This light cannot be seen by the iconic Hubble, which Webb will eventually replace. Hubble was designed to study the wavelengths of visible light, but even so, it hasdating back less than half a billion years after the Big Bang.
Webb should be able to push several hundred million years beyond, detecting the light that started to come out when the universe was only around 200 million years old. This is the time when the cosmos first emerged from the hydrogen fog of birth and starlight began to travel freely through space.
The long-awaited baby images of the universe are expected to shed a revolutionary light on the formation and evolution of galaxies, the supermassive black holes that lurk in their hearts and the lifecycles of stars from birth to titanic explosions of supernova that have prepared. most of the elements of the periodic table.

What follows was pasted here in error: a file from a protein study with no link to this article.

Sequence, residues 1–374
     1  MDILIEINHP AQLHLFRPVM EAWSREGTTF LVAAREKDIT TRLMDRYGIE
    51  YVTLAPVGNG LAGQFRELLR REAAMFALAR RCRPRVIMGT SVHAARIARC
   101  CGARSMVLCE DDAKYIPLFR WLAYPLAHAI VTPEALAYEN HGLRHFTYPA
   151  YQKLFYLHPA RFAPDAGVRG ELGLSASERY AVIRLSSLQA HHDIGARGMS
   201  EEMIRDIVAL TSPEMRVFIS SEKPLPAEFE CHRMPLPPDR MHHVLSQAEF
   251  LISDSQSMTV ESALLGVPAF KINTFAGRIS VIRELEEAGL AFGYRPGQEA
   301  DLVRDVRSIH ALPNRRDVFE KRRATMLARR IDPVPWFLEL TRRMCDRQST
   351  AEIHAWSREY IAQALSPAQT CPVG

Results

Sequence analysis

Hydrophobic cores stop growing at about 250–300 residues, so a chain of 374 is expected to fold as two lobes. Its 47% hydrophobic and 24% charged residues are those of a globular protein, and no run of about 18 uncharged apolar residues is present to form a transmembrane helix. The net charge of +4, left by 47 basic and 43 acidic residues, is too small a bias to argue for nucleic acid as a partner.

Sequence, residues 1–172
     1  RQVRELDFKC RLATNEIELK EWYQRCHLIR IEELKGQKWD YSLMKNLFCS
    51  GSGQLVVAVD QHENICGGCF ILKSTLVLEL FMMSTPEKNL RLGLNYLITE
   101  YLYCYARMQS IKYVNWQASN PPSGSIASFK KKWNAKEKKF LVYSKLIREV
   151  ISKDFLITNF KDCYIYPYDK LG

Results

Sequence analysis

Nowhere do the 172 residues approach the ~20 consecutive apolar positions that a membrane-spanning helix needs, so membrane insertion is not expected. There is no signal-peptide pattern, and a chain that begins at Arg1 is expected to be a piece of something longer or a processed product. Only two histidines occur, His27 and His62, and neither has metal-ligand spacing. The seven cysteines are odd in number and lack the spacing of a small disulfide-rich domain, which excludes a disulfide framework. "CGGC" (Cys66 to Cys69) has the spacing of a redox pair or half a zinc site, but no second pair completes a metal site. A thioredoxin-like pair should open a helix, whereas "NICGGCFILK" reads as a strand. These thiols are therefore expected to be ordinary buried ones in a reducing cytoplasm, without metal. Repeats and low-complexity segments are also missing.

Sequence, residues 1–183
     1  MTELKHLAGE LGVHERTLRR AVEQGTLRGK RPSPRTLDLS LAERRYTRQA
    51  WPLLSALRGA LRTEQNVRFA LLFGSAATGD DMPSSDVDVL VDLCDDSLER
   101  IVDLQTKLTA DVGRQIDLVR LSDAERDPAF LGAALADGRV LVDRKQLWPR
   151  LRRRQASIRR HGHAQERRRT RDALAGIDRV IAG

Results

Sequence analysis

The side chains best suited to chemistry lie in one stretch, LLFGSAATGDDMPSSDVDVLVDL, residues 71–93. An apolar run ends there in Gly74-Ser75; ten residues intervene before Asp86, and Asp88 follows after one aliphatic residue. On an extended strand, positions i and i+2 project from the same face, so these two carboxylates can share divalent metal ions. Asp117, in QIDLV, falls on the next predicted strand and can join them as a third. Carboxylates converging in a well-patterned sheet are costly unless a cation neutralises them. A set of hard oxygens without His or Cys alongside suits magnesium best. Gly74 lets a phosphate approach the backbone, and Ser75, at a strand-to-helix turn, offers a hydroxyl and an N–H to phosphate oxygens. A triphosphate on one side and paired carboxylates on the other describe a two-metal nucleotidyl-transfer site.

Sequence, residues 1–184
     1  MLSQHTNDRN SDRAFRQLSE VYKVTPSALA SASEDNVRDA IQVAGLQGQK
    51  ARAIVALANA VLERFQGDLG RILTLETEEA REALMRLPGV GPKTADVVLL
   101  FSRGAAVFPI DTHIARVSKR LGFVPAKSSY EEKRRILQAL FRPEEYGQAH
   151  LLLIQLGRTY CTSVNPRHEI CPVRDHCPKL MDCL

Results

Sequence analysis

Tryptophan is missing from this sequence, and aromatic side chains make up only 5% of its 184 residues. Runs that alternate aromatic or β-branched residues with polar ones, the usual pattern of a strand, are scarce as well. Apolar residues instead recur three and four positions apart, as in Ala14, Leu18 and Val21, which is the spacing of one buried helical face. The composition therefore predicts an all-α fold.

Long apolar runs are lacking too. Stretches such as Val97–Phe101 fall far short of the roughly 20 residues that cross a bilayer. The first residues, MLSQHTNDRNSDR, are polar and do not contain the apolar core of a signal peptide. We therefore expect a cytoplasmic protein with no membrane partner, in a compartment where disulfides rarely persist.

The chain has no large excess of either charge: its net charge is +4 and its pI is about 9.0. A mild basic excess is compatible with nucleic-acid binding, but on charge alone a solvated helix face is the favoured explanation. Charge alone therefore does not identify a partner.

Closer to home, Webb will also study the atmospheres of planets orbiting nearby stars to characterize their habitability and provide up-close and routine looks at planets, moons, asteroids and comets in the Earth’s solar system. Mars to the distant Kuiper Belt beyond Neptune.
Lagrange Point 2 is well beyond the reach of any predictable astronaut repair crew, but it’s a great place to reach the ultra-low temperatures required to detect infrared emissions from the infant universe.
But orbit alone is not enough to cool Webb to about 50 degrees above absolute zero.
In order for the telescope’s 21.3-foot-wide primary mirror and its four sensitive instruments to detect this weak heat, Webb must first deploy and stretch a tennis court-sized umbrella to block out light and emissions. thermals of the Sun, Earth and Moon.
It is considered by many to be the riskiest part of the mission, including the launch.
Over 100 electrically activated mechanisms, used to hold the parasol’s five thin Kapton layers in place during launch vibration and the onset of weightlessness, all need to fully unlock so the membranes can be pulled off the poles as intended. .